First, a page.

Read Until I Say Goodbye: A Book about Living Online Free - In June 2011, Susan Spencer-Wendel learned she had amyotrophic lateral sclerosis (ALS)--Lou Gehrig's disease--an irreversible condition that systematically destroys the nerves that power the muscles. She was forty-four years old, with a devoted husband and three young children, and she had only one year of health remaining.
Susan decided to live that year with joy.
She quit her job as a journalist and spent time with her family. She built an outdoor meeting space for friends in her backyard. And she took seven trips with the seven most important people in her life. As her health declined, Susan journeyed to the Yukon, Hungary, the Bahamas, and Cyprus. She took her sons to swim with dolphins, and her teenage daughter, Marina, to Kleinfeld's bridal shop in New York City to see her for the first and last time in a wedding dress.
She also wrote this book. No longer able to walk or even to lift her arms, she tapped it out letter by letter on her iPhone using only her right thumb, the last finger still working.
However, Until I Say Good-Bye is not angry or bitter. It is sad in parts--how could it not be?--but it is filled with Susan's optimism, joie de vivre, and sense of humor. It is a book about life, not death. One that, like Susan, will make everyone smile.
From the Burger King parking lot where she cried after her diagnosis to a snowy hot spring near the Arctic Circle, from a hilarious family Christmas disaster to the decrepit monastery in eastern Cyprus where she rediscovered her heritage, Until I Say Good-Bye is not only Susan Spencer-Wendel's unforgettable gift to her loved ones--a heartfelt record of their final experiences together--but an offering to all of us: a reminder that "every day is better when it is lived with joy."
|Title||:||Until I Say Goodbye: A Book about Living|
|Number of Pages||:||384 pages|
December 04, 2013
I am the author. Hope you all laugh more than you cry. -- Susan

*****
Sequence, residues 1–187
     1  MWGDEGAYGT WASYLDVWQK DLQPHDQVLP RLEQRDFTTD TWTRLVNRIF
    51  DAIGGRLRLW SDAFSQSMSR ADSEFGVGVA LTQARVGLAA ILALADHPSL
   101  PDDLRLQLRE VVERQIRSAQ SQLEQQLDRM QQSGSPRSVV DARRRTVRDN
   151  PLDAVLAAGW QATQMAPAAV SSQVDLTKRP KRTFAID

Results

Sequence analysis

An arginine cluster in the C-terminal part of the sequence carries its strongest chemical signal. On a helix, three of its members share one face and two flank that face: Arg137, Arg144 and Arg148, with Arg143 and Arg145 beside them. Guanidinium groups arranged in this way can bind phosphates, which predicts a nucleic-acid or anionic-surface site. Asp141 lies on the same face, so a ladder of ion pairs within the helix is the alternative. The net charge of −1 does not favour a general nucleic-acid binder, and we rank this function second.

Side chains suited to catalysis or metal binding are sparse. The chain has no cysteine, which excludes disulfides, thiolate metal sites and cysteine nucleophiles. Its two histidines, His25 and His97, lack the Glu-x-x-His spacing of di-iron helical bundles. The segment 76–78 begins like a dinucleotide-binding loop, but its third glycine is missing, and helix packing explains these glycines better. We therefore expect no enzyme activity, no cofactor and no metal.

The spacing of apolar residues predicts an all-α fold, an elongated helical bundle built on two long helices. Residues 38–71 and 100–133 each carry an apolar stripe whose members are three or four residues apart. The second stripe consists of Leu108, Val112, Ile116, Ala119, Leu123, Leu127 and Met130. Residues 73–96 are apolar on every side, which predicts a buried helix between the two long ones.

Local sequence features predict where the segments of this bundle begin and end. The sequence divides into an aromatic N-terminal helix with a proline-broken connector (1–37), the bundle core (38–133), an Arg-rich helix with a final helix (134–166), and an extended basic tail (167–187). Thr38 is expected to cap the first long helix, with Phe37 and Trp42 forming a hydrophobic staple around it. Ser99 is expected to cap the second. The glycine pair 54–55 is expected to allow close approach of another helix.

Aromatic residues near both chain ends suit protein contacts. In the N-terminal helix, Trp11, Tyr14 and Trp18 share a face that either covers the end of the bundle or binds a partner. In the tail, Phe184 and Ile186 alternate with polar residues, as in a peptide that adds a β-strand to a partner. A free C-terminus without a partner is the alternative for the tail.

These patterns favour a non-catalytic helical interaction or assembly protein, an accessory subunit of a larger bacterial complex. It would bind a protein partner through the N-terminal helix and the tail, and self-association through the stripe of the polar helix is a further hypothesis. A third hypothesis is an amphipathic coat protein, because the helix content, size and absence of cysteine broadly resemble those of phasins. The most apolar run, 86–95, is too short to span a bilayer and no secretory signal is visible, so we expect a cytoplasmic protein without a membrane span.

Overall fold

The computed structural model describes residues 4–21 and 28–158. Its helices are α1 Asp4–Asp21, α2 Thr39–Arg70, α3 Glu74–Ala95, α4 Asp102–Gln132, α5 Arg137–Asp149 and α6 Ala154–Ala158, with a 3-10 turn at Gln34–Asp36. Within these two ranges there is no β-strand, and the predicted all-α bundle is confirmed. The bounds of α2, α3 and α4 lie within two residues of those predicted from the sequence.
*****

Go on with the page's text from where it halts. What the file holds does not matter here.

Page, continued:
December 03, 2013
I have been putting off writing this review because how does one criticize a book written using one finger on an iphone? Written by someone terminally ill with ALS? Someone whose positive attitude should be an inspiration to all of us. A writer - an award winning journalist? Not to worry, I'm not...
April 01, 2013
"Imagine your body slowly becoming paralyzed; trapping you inside of a you that once ran, danced, and made love. Now, imagine coming to terms with your life and its ending. Susan's journey calls upon you to love with all your soul."
~ Luis Carlos Montalván, Author of the New York Times Bestseller...
March 24, 2013
When I picked this up, I, for some reason, anticipated a cross between Tuesdays with Morrie and Eat, Pray, Love. It's not either of those books, and perhaps that's why I found it disappointing. I expected something different--a moving tale full of deep insights about what it's like to face a prem...
July 19, 2013
The author, a journalist in Florida and mother of three, was diagnosed with ALS at 44 years old. Deciding that she had about a year of health, more or less, left, she decided to live it with joy and pack it with as much travel, family time, friends, and fun as possible. She takes her Asperger’s s...
March 18, 2013
Beautifully told and such an inspiration. I would read it again to remind myself to live in the moment and cherish all that comes my way.
April 28, 2013
Let me be clear about this: Susan, as a person, deserves 5+ stars for being fearless (to borrow her description in the book), courageous, inspiring. Her story is incredibly sad and despite a horrific prognosis, she chose life. The book, however, is disjointed--overall, and within each chapter--an...
August 18, 2013
I read this book in several days. I did not want to put it down. It was so well written. We will all die and we have a choice as to how we spend our final days. Susan chose to spend it in joy, but she also acknowledges her deep sadness in leaving her children and her husband too soon.
I remember w...
September 05, 2013
Yes, I know that the number of stars I gave this book is lower than the average given by other readers, but hear me out. I think Spencer-Wendel is a very brave woman for being able to still get out there and live her life despite slowly being robbed of every single thing the human body can do (ex...
November 10, 2013
An easily readable book on a tough topic.
This memoir recounts the experience of a 44-year-old woman diagnosed with ALS. Instead of giving into self-pity, Susan Spencer-Wendel makes a conscious choice to live out her remaining time with joy -- taking trips she's always wanted to take with the peop...